One of the best things about this job is that I get to meet some very interesting people. Being a creative type myself, it’s particularly fun to encounter others who have an artistic bent.
This past weekend, some research for a segment on my next nonfiction book, a history of U.S. Highway 101, took an unexpected turn toward the history of a very creative individual: jazz pianist Ferdinand “Jelly Roll” Morton.
At one time, it seems, Morton’s wife owned the first motel built on the Pacific Coast Highway — then known as the U.S. 101-Alternate — in Malibu.
The motel, which is still there (but no longer open for business), was once owned by none other than William Randolph Hearst.
Never miss a local story.
There’s a lot more to the story, but although it’s a fascinating tale, it’s not pertinent here … and I don’t want to give it away.
What’s relevant is that two days later, who should walk into my office here in Cambria but a jazz pianist — and one who is a fascinating story in her own right.
Madison Lea Scott, who will be performing at the Harmony Café this Friday and Saturday night, is just 20 years old, but she’s been studying with famed Cambria vibraphonist Charlie Shoemake for three years and has already recorded three CDs. The first two — collections of Hawaiian music and worship music — were followed by her most recent release, “An Occasion for Jazz.”
At this weekend’s gig at the Harmony Café, she’ll be standing in for Shoemake, who’s doing a concert in San Diego this weekend.
“To reach the big leagues in the world of professional music, you have to possess three things: enormous talent, enormous dedication and some luck,” Shoemake said. “Madison certainly has the talent portion nailed and then some.”
Scott, who was born premature at just 5½ months, has been blind all her life. After being homeschooled and graduating from Leffingwell High School, she formed a band called Cool Notes with three other young musicians, two of whom, like her, have studied under Shoemake.
“Charlie has been a big influence, not only in his playing but in teaching me to learn about jazz,” said Scott, who’s studied the works of jazz pianists such as Wynton Kelly, Sonny Clark and Bud Powell.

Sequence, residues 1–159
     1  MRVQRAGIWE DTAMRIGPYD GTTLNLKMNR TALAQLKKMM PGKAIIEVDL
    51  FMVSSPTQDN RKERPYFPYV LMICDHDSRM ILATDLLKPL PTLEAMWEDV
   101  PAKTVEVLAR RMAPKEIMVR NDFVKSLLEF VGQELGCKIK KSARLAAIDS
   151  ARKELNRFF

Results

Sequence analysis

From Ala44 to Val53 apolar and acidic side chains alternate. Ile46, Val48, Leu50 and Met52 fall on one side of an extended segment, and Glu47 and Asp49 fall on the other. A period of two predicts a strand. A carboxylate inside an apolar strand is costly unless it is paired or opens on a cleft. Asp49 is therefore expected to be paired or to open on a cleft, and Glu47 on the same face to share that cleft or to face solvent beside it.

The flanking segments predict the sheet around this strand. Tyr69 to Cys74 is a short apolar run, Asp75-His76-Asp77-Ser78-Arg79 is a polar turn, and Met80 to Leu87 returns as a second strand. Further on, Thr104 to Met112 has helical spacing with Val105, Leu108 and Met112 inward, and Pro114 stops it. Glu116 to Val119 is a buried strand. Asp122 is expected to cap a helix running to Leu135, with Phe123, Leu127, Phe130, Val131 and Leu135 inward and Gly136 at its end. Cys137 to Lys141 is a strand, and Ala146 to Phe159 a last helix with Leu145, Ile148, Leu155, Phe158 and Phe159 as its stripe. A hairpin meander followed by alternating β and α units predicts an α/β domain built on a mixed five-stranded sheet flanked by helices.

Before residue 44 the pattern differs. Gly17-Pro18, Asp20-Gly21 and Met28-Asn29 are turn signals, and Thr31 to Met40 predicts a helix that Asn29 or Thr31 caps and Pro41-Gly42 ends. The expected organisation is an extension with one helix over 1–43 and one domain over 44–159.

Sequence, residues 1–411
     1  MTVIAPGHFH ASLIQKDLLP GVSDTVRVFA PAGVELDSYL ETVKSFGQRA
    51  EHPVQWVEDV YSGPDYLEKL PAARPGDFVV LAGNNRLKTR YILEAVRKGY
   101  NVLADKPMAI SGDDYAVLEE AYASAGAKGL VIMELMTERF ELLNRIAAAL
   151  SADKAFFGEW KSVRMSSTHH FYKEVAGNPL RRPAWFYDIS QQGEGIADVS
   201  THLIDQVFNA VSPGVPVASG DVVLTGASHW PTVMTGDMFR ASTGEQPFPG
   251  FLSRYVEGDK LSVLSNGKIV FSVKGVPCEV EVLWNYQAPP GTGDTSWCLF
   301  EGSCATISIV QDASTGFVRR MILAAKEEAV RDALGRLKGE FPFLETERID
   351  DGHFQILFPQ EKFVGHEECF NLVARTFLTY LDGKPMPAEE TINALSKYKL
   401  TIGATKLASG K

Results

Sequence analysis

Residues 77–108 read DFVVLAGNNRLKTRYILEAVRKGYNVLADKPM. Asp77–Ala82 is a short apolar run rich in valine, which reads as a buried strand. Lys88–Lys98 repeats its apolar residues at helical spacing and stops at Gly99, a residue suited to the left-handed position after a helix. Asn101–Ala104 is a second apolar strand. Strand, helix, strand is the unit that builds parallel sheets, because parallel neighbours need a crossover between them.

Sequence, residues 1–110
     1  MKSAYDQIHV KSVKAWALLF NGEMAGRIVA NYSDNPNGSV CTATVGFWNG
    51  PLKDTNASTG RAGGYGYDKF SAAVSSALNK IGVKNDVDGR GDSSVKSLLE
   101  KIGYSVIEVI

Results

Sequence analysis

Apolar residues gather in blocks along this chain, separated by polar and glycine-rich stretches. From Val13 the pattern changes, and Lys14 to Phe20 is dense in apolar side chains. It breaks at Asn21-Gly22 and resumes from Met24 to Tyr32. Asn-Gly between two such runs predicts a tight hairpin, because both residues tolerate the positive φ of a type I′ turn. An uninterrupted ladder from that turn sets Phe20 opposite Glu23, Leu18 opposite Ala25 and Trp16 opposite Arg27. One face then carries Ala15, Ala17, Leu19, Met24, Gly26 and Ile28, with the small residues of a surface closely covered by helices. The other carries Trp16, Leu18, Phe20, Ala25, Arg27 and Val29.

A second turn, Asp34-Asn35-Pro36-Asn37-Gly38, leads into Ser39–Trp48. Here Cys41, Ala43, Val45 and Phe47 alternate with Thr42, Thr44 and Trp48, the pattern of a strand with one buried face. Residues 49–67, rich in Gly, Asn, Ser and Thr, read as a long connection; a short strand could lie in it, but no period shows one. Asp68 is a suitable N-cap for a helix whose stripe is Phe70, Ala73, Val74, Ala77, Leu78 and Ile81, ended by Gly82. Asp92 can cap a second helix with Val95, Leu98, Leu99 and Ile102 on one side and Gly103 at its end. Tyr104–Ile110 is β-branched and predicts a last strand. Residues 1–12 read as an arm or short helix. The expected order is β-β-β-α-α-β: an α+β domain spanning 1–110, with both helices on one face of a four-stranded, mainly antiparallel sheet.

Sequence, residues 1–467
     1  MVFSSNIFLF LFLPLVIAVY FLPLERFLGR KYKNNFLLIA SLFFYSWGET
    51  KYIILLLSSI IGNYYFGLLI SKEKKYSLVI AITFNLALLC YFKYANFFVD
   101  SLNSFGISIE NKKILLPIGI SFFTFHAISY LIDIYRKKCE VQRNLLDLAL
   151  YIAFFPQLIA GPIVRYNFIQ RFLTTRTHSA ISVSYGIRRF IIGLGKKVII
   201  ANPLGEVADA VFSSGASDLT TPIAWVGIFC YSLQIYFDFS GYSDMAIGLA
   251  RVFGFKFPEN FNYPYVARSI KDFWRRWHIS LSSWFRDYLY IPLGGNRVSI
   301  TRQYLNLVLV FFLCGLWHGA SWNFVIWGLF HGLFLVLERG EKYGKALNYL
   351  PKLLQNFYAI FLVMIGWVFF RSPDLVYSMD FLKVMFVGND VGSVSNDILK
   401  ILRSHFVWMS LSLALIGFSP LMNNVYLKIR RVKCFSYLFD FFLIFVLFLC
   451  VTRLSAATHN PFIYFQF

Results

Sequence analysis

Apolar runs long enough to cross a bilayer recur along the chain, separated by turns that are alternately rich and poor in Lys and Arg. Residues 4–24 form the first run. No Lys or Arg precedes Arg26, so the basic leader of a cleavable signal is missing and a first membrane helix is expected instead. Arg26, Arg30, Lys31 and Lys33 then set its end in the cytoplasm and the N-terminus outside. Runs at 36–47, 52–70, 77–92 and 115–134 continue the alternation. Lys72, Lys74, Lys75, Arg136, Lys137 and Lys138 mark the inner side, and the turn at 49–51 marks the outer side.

New CD released
Her latest CD features the band on four tracks, including one she composed herself — “Cool Notes Blues.” The rest are standards she arranged, such as “In the Mood” and “What a Wonderful World.”
Scott describes the project as “a lot of work” but said she was able to complete the recording in three sessions at Steve Crimmel’s Painted Sky Studio here in Cambria.
“I’ve always been a music person,” she said. “It’s just a gift God gave me, and I love it. I’ve always appreciated jazz. I would pick out (George) Gershwin songs on the piano, but I wouldn’t really improvise before.”
That’s where working with Shoemake came in.
“Improvising is fun and that whole style of jazz, the chords and the melodies are really pretty,” she said. “You can be really creative with it.”
Shoemake first got wind of Scott through Cambria voice instructor Ruth Fleming (yes, Scott sings, too — and hinted she may do some of that at the Harmony Café, as well).
“Madison’s mom then called and set up an appointment to come over to my studio,” Shoemake recalled. “When they arrived, after a brief bit of talking, I played a very sophisticated chord on the piano and asked Madison if she had ever heard anything like that. She said no, but then proceeded to sit down at the piano and duplicate it perfectly. This was a startling feat, and I thought WOW this is going to be something … and it has been.
“In all my years of teaching jazz music — about 1,500 students down in my L.A. days — I’ve only had that happen a couple of times, and one of them was Randy Kerber, who is currently the featured pianist on the new award-winning film ‘La La Land.’ ”
Shoemake said Scott will be filling in for him at some other Harmony Café concerts this year, as well, and she said another appearance is planned for the first week in March.
“In the years to come,” Shoemake said, “it’s going to be interesting to follow the rest of the story.”
Madison Lea Scott at Harmony Café, 824 Main St., Friday and Saturday from 6 to 8:30 p.m. No cover, no minimum.